State’s ‘move-over law’ now includes wreckers
By Scott Mims
A new state law went into effect Monday requiring motorists to change lanes or slow down when approaching wreckers or any type of emergency vehicle stopped on the roadside.
Alabama drivers were already required to move over for highway patrol cars and ambulances, but now the law includes all vehicles with flashing emergency lights. It also has stiffer penalties.
Rep. Jimmy Martin was a primary sponsor of the bill.
“As far as safety goes, it’s probably one of the best laws passed by the legislature in recent years,” Jemison Chief of Police Shane Fulmer said.
Whether making a traffic stop, responding to a wreck or assisting a stranded motorist, public safety officials find themselves on the roadside quite often — within inches of high-speed traffic.
Fulmer said one officer training video shows patrol cars and officers being struck by moving vehicles. As a safety measure, many departments have changed the way they conduct traffic stops.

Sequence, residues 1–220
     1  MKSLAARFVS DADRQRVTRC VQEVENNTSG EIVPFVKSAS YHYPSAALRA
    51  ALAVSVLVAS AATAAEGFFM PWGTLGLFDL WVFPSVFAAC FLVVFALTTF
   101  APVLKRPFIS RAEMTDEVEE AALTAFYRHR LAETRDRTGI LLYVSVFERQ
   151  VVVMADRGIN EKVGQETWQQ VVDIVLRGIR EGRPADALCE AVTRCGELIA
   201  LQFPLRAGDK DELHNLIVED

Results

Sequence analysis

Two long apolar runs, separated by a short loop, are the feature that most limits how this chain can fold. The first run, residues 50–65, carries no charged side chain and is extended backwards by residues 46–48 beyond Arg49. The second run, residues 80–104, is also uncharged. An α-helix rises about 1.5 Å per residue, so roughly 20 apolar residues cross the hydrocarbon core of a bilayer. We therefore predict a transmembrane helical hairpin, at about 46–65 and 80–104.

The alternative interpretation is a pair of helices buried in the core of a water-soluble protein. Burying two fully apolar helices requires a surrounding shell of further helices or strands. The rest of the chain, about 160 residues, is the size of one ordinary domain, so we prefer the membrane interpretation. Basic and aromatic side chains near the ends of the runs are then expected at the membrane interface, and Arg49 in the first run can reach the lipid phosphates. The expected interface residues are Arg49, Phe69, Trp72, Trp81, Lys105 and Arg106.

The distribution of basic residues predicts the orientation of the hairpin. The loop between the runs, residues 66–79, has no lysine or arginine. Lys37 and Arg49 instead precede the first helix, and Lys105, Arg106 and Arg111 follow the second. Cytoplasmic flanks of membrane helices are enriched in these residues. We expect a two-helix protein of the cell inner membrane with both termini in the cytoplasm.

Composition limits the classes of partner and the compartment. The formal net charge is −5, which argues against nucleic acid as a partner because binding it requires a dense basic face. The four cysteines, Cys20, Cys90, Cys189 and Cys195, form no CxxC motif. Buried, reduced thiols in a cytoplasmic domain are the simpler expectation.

“We require all our officers, especially on I-65, to do a passenger side approach,” Fulmer said.
The new law is intended to protect not just officers but all who work on the shoulder of the highway — such as wrecker operators or people who pick up roadside litter.
Reportedly, few people in Chilton County have received warnings or citations for violating the “move-over law,” previously known as the “blue light law.” Tickets may be issued for failure to move over for an emergency vehicle on a four-lane highway. On two-lane roads, or if traffic prevents the possibility of merging, drivers must slow down to 15 mph below the posted limit.
The fine is set at $25 for the first offense, plus court costs. The amount of the fine increases with the number of offenses.
Sheriff Kevin Davis said he thinks the new law has made motorists more aware.
“I think that is something the driving public has done very well with,” he said.
Clanton Police Chief Brian Stilwell said the place of greatest danger is along the interstate. He said warnings have been issued recently, but at times the law can be difficult to enforce.
“I can’t tell you how many times we’ve been covering an accident and watched other accidents occur because people were rubbernecking just to see what happened,” he said.